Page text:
Indiana

Education, From The Capitol To The Classroom

Why You Might End Up With A Charter School In Your Neighborhood Whether You Want One Or Not

A law the Indiana State General Assembly passed last year allows charter school operators to pick up unused school property for $1 and charter schools operators have not been shy about hunting these schools down.


Blue dots represent schools which have closed in the last 4 years. Red markers indicate schools available to charter schools for $1.
Source: Indiana Department of Education

Emily Pelino heads a number of Knowledge Is Power Program or KIPP charters in Indianapolis. She says her company is looking to update the school’s existing building arrangement and further increase its presence in Indianapolis and throughout Indiana.

“We currently lease from IPS,” says Pelino. “But we’re looking to expand further in the area.”

Competition for empty school buildings is stiff in Indiana. Some of the nation’s biggest charter school operators including KIPP, Charter Schools USA, and the New York-based Leona Group have all expressed interest in aggressively expanding into Indiana. Competition among these organizations is so stiff, that some aren’t even considering the $1 dollar school building as an option.

Richard Page is Vice President of Development for Charter Schools USA. The group administers dozens of schools in Indiana, Florida, Georgia and Louisiana. He says his company is definitely aware of the Indiana Department of Education’s directory of unused school buildings, but the cutthroat market has them looking elsewhere for facilities.

“We’ve seen the list,” says Page. “But many others are looking at the same list.”

Between 10 and 15 charter schools have opened each year across Indiana since 2008.  Indianapolis mayor Greg Ballard announced plans during his re-election campaign to open as many as 20 additional charter schools in the area over the next few years.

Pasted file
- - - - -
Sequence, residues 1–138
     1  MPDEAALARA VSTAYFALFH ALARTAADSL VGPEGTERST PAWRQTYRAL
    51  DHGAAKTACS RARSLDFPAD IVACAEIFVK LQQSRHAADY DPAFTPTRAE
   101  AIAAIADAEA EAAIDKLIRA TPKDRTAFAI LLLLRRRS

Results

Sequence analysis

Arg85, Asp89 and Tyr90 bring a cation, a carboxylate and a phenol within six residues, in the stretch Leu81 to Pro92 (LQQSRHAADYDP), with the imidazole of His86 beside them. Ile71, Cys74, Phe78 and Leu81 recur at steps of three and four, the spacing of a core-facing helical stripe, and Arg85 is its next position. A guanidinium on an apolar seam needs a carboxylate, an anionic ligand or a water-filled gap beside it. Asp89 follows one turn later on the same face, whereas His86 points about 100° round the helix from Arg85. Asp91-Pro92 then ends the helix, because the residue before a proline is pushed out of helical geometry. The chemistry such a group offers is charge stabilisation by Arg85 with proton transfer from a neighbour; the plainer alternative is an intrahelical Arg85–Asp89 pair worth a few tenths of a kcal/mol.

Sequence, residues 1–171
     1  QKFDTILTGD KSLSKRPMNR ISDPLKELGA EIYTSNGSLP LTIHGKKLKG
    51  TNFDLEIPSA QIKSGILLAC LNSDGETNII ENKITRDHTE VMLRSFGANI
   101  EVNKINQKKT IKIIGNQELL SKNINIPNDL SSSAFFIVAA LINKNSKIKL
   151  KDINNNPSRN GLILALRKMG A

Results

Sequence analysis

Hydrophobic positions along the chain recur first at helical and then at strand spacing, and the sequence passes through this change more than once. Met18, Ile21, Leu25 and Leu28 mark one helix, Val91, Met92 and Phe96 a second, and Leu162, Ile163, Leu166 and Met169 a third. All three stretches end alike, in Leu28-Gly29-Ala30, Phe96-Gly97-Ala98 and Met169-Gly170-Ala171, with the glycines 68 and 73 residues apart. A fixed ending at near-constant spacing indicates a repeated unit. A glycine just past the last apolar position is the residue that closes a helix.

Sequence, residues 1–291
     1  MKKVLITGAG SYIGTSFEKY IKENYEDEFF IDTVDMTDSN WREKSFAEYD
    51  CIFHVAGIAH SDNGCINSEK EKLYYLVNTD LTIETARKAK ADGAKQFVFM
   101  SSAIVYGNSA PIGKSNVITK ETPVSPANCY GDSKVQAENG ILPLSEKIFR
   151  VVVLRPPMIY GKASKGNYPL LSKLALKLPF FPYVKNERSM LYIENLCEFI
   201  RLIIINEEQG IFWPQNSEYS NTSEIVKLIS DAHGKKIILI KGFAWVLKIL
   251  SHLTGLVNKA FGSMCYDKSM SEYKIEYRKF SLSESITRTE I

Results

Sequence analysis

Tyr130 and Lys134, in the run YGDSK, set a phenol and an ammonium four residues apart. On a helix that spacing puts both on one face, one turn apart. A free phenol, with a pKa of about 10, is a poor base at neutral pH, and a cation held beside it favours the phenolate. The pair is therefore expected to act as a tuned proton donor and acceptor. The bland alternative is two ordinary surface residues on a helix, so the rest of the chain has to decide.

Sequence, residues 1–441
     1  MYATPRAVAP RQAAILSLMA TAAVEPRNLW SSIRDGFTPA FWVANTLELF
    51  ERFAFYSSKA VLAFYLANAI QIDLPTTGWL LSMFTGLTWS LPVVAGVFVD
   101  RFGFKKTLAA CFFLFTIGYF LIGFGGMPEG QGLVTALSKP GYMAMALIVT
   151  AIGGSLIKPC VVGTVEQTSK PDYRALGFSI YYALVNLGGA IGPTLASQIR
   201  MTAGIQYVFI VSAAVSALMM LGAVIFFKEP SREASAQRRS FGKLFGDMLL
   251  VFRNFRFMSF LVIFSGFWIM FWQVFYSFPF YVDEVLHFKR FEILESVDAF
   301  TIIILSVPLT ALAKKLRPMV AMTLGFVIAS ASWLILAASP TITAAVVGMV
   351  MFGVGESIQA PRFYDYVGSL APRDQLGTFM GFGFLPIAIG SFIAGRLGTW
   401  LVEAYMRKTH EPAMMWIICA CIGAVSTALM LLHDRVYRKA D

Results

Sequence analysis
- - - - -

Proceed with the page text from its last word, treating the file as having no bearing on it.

Yet, in spite of this influx of startup charters, Page says his company already has plans to open two new schools in the Indianapolis area, even if they’re not able to get access to unused school buildings.

Traditional public schools are not completely without defense. Sixteen Indianapolis Public School buildings have closed in the last four years. Yet only five of those buildings are currently available for charter schools and only a small handful have sold.

IPS spokesperson Mary Louise Bewley says the district is currently using one old facility as a teacher training center. Several others are being used for what is known as “swing space.”

“We remove students from school buildings being renovated and temporarily move them to nearby closed buildings,” says Bewley.

Essentially, the district maintains a number of empty buildings for use as classroom space while other schools undergo renovation.

Yet another building in the district is being used as a Headstart office.

While all of these buildings are serving a purpose within the district. Bewley says the new charter school law has pushed IPS to think much more carefully about how they dispose of unused property.

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